Why child rights should be included in Germany’s constitution

EPA/CLEMENS BILAN

A poor man is waiting in a row for the soup kitchen to open at a Franciscan Order in Berlin, Germany, 11 April 2017.

Why child rights should be included in Germany’s constitution


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Ahead of the September 24 parliamentary election in Germany, human rights groups are calling on the next government to incorporate the rights of children and teens into the country’s constitution.

The United Nations Children’s Fund (Unicef) in Germany used Children’s Day on September 20 to pressure the next ruling coalition to anchor children’s rights in the country’s Basic Law, or Grundgesetz.

“Parliaments, administrations or courts must take greater account of what their decisions mean for the youngest [citizens],” Unicef’s chairman in Germany, Jürgen Heraeus, told the Passauer Neuen Presse.

As reported by Deutsche Welle (DW), Germany’s international broadcaster, Heraeus warned that although most of the parties have touted their commitment to protecting children during the campaign, the real test was whether they would follow through.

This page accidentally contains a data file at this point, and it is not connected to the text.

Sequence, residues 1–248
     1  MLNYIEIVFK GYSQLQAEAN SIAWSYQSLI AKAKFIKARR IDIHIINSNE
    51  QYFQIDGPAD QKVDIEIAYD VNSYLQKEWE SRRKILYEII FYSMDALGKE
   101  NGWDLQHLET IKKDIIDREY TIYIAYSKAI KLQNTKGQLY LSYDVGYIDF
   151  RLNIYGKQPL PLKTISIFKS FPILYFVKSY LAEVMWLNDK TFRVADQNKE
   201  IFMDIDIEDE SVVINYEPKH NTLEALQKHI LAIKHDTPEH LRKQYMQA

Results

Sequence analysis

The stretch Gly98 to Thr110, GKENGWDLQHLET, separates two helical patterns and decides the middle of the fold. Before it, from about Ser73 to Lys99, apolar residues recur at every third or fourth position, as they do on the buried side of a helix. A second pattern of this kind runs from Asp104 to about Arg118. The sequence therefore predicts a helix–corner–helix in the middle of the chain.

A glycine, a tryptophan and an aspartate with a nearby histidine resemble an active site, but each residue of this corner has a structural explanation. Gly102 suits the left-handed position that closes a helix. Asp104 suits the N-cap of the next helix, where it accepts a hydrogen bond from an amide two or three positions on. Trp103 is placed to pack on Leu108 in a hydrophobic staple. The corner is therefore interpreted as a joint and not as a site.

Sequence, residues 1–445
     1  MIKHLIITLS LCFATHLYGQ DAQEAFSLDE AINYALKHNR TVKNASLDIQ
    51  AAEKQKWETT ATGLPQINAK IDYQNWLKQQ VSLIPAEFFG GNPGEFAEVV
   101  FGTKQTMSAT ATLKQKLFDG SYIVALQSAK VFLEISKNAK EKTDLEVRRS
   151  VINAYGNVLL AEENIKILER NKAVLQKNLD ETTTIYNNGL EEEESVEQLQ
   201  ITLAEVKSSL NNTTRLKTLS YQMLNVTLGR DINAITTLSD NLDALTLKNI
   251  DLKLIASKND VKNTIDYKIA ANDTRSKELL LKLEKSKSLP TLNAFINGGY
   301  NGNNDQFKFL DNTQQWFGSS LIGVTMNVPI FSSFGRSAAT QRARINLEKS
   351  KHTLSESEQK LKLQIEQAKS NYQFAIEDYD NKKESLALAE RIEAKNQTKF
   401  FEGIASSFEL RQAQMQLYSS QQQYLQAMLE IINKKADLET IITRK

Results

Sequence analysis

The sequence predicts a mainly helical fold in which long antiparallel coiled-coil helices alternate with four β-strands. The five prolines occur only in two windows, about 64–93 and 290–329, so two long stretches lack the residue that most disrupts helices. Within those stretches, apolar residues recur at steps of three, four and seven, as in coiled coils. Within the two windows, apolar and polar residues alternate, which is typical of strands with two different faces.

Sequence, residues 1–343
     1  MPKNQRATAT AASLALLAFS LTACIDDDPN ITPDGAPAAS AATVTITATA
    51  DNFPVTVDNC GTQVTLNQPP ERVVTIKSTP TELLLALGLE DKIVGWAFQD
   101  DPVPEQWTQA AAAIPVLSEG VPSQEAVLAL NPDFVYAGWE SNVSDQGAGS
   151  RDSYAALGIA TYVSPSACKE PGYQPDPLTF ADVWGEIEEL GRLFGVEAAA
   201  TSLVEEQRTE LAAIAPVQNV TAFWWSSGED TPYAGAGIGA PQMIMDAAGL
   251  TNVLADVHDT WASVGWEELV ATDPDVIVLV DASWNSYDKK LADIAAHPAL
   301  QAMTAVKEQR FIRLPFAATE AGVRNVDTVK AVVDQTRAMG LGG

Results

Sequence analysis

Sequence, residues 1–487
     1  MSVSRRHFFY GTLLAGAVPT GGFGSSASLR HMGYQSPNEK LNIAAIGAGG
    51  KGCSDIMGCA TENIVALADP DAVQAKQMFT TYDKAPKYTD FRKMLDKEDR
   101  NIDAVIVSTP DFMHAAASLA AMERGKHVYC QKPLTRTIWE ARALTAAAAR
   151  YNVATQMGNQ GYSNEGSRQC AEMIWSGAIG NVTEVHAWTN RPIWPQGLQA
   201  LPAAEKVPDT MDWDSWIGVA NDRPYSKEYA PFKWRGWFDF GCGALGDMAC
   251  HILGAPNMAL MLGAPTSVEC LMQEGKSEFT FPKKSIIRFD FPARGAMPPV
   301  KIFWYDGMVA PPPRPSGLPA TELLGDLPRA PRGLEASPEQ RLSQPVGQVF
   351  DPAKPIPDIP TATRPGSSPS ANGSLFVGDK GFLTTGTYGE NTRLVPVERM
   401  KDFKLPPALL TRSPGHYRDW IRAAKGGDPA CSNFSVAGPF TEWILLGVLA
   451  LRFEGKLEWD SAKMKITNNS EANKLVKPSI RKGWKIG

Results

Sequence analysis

“After election day, the interests of children will soon be treated as low priority again,” he said, warning that child poverty is on the rise – mainly due to the arrival of around 300,000 refugee children whose parents need time to settle.

Heraeus also said that in some cities, such as Berlin, up to 35% of children live in households that rely on unemployment benefits. “These children need to have a fair chance and be made to feel that they are needed,” he said.

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